Santa Margarita Porcelain
1622 FLEET << RESEARCH
Porcelain from the
" The sun never sets on the British empire" is the old saying which refers to the fact that Victorian England had colonized so many lands they encircled the globe, but in reality Spain, along with Portugal, was the first nation to have been able to rightfully lay claim to this phrase. In Spain's case, from the period of 1565 - 1815, that empire stretched from Europe to the Americas across the Pacific to the Philippine Islands. The ultimate purpose of such far flung outposts such as Spanish Manila was the trade access it afforded. Oriental goods such as silks, spices, jewels and porcelain were in high demand in Europe and the American colonies and importing them to these places could turn a very high profit for the shippers. Though there was no direct trade to China, junks loaded with Chinese goods would sail to Manila where they could be purchased with Spanish-American silver. Galleons then carried the merchandise across the Pacific to Mexico for redistribution throughout the rest of Spain's empire.
Excavation at the site of the 1622 Tierra Firme galleon Santa Margarita has yielded evidence for this Spanish taste for Oriental goods. Though this ship did not sail to Manila, or even Mexico, five sherds of porcelain tableware have been recovered over the years since the site's discovery in 1980 by Treasure Salvors. The low volume of this ceramic type does not indicate that it was a part of the cargo of this ship, but most likely for shipboard use. Though this is certainly only slight evidence, it does offer a peek into the types of wares being utilized in the trade during the early 17th century.
These two dish fragments and three cup or bowl fragments are of a common style designed for the export trade called "kraak" ( the Dutch term for "carrack", the primary ship of transport in the trade) porcelain. The vessel forms are purely Chinese and do not reflect design alterations catering to European needs. Kraak porcelain was manufactured in China's Jiangxi province during a period sometime shortly after 1565 until the late 1640's. These sherds reflect the relative hastiness of their mass production with numerous flaws and sloppy design elements. The glaze, with its slightly blue tint characteristic of this ware, is unevenly applied, and in two instances contains grit and sand inclusions, as well as being pitted. One ring-footed dish base is flawed with a slight radial scalloping, called "chatter marks," resulting from imperfect smoothing of the vessel before firing . These marks are traditioally believed to have resulted from workers busily engaged in conversation with colleagues, and not paying attention to the task at hand.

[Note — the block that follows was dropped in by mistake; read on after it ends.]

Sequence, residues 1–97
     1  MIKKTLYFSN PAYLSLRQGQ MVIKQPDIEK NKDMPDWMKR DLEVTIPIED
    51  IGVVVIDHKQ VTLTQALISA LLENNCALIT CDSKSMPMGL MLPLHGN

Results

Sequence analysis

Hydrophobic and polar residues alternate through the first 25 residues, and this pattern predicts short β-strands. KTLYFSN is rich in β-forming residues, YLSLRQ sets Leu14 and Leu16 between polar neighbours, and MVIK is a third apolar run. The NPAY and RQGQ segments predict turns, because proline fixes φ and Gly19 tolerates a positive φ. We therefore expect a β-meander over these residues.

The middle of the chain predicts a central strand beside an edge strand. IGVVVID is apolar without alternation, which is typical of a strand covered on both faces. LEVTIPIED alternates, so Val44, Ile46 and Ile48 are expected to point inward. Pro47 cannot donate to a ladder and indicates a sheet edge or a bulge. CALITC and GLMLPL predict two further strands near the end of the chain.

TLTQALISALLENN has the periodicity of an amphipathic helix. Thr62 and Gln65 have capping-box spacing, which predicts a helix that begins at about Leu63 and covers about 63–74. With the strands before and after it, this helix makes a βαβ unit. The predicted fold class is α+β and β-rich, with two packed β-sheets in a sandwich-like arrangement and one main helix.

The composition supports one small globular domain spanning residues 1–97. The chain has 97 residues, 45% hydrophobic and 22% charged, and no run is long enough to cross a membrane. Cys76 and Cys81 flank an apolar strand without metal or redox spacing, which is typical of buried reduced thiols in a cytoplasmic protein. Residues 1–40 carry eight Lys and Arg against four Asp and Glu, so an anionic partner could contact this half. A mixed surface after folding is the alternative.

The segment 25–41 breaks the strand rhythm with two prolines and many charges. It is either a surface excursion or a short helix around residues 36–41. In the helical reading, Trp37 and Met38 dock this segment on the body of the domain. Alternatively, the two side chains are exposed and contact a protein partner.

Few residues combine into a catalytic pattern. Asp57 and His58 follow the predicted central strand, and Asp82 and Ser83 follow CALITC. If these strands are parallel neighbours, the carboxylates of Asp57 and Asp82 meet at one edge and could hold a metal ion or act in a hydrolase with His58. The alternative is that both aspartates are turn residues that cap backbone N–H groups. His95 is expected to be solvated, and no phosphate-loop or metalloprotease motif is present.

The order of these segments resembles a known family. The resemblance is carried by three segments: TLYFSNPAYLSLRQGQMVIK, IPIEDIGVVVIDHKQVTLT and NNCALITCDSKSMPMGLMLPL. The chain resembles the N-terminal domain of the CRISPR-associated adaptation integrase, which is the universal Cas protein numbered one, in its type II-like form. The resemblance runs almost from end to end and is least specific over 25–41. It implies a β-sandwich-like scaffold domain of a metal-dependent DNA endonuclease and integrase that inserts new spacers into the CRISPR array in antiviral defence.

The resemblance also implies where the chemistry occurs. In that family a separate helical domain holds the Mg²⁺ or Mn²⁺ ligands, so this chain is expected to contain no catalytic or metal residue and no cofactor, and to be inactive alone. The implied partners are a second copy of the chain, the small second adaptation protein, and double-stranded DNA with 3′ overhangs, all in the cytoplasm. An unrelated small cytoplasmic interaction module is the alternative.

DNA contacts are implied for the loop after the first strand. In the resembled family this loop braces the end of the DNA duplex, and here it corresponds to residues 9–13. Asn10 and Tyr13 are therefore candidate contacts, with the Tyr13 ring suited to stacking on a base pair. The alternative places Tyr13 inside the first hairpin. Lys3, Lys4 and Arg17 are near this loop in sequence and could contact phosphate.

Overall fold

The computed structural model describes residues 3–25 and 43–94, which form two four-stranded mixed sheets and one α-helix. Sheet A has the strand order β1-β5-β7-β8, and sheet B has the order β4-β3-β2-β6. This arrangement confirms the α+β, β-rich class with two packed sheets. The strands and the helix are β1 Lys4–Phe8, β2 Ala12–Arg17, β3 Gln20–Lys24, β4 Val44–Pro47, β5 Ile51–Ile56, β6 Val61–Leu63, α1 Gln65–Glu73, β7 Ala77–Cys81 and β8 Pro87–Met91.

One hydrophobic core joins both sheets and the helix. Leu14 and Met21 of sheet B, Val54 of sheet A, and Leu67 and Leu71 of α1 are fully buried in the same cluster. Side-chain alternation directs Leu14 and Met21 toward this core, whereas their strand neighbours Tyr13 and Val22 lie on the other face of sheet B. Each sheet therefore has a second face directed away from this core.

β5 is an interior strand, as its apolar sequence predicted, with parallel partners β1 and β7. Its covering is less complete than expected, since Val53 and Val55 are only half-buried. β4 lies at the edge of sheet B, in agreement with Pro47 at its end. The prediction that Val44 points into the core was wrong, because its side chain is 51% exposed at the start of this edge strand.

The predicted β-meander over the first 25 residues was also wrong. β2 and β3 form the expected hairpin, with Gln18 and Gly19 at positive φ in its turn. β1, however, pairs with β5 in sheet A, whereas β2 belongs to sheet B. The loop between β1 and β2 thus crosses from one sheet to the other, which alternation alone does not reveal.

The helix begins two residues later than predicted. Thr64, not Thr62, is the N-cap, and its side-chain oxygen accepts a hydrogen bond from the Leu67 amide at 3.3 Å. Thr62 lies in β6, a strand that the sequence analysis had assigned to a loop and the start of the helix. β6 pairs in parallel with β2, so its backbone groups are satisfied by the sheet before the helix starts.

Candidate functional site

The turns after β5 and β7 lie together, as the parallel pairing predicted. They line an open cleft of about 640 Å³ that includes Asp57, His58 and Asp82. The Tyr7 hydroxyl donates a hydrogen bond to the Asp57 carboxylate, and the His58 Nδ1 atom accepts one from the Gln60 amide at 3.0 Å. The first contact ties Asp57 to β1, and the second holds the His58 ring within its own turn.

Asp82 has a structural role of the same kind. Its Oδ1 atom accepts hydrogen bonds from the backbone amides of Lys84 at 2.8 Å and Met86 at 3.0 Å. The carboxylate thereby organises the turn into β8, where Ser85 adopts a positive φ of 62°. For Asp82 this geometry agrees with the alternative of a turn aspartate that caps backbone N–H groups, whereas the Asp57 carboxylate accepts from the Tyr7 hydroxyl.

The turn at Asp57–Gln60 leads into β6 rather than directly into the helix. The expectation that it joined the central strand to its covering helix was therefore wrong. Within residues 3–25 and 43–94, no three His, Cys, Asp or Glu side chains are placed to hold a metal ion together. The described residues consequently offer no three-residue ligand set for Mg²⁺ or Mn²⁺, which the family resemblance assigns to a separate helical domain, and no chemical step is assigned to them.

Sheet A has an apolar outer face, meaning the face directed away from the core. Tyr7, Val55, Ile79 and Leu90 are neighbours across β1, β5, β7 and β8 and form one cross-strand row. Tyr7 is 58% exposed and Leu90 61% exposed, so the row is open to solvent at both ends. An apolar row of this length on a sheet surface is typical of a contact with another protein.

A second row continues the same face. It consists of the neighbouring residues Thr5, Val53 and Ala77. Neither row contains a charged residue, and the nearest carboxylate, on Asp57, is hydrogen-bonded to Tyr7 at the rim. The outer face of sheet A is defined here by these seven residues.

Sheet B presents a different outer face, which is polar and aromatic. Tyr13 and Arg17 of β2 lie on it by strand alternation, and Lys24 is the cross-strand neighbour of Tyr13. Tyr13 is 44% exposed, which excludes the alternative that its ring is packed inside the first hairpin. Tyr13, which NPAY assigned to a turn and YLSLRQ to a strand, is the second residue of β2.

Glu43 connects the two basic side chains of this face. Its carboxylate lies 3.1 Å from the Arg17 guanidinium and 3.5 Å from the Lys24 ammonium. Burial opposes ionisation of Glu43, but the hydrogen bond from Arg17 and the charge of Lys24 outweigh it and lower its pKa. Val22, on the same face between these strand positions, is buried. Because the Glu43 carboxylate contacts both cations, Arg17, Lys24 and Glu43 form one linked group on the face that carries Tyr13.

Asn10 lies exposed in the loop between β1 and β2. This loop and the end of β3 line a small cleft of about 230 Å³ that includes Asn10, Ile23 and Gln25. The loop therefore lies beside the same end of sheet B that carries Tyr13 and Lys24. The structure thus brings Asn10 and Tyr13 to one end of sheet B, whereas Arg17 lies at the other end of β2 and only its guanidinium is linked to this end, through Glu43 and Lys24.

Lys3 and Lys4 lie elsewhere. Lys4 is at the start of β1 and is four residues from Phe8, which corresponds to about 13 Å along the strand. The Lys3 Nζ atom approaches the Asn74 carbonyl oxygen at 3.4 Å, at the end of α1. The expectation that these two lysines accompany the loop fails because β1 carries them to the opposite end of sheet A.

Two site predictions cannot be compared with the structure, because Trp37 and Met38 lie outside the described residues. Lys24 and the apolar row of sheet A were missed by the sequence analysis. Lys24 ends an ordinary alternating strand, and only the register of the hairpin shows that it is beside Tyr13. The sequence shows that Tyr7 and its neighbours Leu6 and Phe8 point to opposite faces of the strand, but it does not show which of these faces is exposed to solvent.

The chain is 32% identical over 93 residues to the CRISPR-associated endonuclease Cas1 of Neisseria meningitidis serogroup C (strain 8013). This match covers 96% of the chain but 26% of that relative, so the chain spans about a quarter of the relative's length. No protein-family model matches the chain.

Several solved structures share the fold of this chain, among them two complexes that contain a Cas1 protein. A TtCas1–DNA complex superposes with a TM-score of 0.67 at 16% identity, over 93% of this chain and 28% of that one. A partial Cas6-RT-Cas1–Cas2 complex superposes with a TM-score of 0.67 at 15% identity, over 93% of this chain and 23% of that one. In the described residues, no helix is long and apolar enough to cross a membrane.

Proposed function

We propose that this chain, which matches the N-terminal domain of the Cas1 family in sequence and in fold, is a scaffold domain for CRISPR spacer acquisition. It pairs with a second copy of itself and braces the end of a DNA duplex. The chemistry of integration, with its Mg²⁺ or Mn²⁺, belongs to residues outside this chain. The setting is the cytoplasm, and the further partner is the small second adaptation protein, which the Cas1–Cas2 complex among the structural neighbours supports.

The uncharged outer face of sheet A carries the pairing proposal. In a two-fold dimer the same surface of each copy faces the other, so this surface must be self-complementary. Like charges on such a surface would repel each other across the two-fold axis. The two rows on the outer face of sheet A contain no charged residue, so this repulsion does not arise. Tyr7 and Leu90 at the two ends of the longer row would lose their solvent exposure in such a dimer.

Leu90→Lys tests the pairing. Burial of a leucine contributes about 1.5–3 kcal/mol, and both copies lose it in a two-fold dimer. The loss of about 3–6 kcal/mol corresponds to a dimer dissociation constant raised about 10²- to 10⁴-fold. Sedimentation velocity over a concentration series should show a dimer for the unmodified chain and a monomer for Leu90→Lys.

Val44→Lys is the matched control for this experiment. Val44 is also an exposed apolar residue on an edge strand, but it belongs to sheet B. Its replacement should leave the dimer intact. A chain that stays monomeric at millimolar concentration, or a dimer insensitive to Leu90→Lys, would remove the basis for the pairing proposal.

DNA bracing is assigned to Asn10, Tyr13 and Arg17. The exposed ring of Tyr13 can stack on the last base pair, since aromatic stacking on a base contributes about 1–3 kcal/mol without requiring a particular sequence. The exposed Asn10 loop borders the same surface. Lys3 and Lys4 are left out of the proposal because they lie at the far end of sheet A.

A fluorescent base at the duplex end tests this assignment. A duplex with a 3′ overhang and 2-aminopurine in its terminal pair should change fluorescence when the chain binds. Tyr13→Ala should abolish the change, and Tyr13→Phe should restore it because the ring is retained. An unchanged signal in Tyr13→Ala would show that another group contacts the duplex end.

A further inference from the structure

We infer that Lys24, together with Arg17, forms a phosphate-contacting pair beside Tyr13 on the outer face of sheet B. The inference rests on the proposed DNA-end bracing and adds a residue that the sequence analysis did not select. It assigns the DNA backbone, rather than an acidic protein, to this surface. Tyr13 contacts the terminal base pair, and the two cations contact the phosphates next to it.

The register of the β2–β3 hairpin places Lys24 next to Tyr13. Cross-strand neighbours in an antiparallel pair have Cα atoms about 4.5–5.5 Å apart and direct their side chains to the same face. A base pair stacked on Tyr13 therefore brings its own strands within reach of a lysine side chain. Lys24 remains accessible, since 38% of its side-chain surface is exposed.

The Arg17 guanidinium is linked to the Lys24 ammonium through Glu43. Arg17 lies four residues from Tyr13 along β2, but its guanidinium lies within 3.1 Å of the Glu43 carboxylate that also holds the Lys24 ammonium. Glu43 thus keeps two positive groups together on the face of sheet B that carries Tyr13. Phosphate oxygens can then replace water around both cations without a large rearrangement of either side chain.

All of the sherds are painted with two tones of blue pigment. The decoration was first outlined with darker, well defined lines and these were then filled with a lighter shade in a fashion similar to today’s childrens' coloring books. Little attention was paid to staying within the lines, and in some instances the lighter pigment looks to have been applied as a wash over the darker borders. Some of the motifs that can be seen are floral sprays, scrolls and vertical lines which divided the body of the pieces into "panels", each containing a separate theme. A deer, the Taoist symbol of longevity, is found on the central interior of one dish fragment.
Chinese porcelain, having made its way half-way around the globe, was not only being used by the Spanish but was having an effect on the design of European majolicas by the late renaissance/early modern period. Attempts to copy the Chinese vessel forms and design motifs are found on Italian and Hispanic wares beginning in the mid-1500's.
Perhaps the greatest history lesson to be gathered from these few sherds is in their representation of the growing global trade that was occurring the period of the early 17th century. From China to the Philippines to Mexico, then to the rest of the Americas and Europe, these items were affecting the economy at each stop as they traded hands. Today we don't blink an eye about purchasing a cheap porcelain knick-knack stamped "Made in China" but now we can see the roots for the trade network that allowed us to become jaded about something that has traveled so far.
1990 "Ceramic Cargo of the Concepción" in Archaeological Report: the Recovery of the Manila
Galleon Nuestra Señora de La Concepción, Pacific Sea Resources, Sutton, Vermont.
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